PANAMA’S BUSINESS CHIEFS HOPE FOR BIG RETURN FROM NEW TIES TO BEIJING

Worker arranges boxes at a shop in Chinatown in Panama City

(Reuters) Panama’s business community on Tuesday cheered the Central American country’s decision to establish full diplomatic ties with China and ditch Taiwan, hoping to deepen links with a key customer of the nation’s shipping canal.

Although there was regret at the cost to Taiwan, an ally of various Central American nations, there was broad support for President Juan Carlos Varela’s decision to throw his lot in with China, whose growing global ambitions contrast with U.S. President Donald Trump’s isolationist rhetoric.

“I’m sure it wasn’t an easy decision, given the long-term links we’ve had with Taiwan, but nonetheless, (China) is a global superpower, the world’s No. 2 economy, the second biggest user of the canal – and so we think this is a positive development that will result in more business and investment in Panama,” said Inocencio Galindo, president of Panama’s Trade, Industry and Agriculture chamber.

The diplomatic U-turn comes as China attempts to position itself as a defender of free trade in the face of the “America First” policy of Trump, who was elected in November 2016.

Chinese officials also celebrated the news.

Wang Weihua, the permanent representative in the Office of China-Panama Trade Development and Beijing’s top representative in the country, said various attempts had been made over the years without success to establish formal ties.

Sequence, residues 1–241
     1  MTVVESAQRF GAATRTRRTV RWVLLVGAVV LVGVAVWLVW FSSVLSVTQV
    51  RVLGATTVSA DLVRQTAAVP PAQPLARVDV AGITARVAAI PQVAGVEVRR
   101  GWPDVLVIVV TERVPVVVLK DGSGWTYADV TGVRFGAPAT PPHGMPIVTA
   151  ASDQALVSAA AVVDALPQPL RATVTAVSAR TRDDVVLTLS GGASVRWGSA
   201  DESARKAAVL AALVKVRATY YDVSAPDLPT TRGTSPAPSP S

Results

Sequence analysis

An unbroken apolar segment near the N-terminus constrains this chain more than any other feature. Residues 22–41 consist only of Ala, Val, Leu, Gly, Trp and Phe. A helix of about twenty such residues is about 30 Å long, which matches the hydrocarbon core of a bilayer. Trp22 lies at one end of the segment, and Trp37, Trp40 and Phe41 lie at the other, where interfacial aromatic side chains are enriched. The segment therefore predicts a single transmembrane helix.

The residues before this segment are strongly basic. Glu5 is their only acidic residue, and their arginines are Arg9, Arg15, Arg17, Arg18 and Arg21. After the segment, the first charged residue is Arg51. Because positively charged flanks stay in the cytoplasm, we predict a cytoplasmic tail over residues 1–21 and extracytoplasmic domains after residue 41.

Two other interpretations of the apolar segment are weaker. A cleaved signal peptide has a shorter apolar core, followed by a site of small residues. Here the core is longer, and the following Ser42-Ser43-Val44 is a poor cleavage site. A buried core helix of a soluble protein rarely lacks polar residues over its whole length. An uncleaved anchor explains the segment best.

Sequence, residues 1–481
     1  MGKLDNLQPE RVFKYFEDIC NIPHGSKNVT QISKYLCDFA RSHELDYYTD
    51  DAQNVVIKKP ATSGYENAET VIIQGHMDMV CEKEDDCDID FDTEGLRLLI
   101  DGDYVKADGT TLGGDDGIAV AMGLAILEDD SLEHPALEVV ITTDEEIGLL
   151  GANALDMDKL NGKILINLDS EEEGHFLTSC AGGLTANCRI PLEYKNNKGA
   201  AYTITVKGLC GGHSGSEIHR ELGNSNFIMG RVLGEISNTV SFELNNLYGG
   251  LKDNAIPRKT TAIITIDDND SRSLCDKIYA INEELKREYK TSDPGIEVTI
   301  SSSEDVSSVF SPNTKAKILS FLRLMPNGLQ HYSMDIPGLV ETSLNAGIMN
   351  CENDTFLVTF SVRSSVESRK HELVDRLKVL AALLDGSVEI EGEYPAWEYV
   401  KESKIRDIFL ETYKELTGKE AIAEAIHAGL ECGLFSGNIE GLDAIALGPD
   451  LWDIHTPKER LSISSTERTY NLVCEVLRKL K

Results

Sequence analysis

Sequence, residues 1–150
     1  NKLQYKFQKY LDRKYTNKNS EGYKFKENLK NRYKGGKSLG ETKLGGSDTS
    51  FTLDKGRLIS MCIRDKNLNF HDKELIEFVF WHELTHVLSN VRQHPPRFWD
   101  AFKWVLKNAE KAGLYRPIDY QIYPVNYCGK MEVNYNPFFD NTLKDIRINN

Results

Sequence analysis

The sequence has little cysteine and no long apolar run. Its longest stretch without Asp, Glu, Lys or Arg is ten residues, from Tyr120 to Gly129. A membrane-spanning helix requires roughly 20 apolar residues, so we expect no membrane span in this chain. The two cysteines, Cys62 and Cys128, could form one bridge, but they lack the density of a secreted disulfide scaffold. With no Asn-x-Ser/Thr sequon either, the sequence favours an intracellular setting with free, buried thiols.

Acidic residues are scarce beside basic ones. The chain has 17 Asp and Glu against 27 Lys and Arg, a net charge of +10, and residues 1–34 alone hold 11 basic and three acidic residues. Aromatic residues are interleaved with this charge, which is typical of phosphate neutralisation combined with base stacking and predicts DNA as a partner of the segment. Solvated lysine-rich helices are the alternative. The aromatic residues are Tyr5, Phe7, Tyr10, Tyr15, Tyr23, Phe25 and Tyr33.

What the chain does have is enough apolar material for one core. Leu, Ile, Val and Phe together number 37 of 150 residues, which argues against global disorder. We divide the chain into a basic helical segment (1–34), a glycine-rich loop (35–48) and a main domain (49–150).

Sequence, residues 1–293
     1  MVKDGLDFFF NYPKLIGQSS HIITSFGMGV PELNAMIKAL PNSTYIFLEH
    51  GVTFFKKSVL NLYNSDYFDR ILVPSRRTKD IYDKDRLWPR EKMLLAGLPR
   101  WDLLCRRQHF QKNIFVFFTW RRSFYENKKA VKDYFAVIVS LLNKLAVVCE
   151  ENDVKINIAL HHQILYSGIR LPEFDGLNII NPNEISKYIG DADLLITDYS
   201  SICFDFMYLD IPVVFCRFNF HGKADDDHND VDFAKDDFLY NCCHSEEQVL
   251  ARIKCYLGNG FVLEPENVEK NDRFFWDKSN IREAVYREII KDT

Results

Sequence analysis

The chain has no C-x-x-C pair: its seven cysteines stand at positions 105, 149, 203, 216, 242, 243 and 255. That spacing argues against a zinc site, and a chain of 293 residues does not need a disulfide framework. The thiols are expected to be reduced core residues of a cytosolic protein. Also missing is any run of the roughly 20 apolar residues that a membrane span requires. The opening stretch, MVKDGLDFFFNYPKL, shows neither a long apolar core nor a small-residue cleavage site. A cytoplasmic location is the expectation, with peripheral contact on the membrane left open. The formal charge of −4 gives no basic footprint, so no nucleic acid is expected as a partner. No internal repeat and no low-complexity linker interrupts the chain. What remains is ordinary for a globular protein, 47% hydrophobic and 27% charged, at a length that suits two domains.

Late last year, more advanced talks began with Varela’s team that concluded only this week, said Wang, who added he was involved in the discussions.

China is interested in Panama for its strategic location, and as a trade and logistics hub, he added.

“China has made a big bet on Latin America, where it has strategic investments, and Panama, which didn’t have diplomatic relations, was losing out on those advantages,” he said in an interview. “Now Panama will be able to enjoy what our country can offer it in various sectors.”

Almost a fifth of the cargo crossing the isthmus last year went to or from China, which has been taking an increasing interest in the Panama Canal.

In March, the canal’s administrator, Jorge Quijano, said Chinese state firms were considering developing land around the waterway, which was recently expanded.

A spokesman for the canal said Quijano would address the implications of the diplomatic change for commerce on Thursday.

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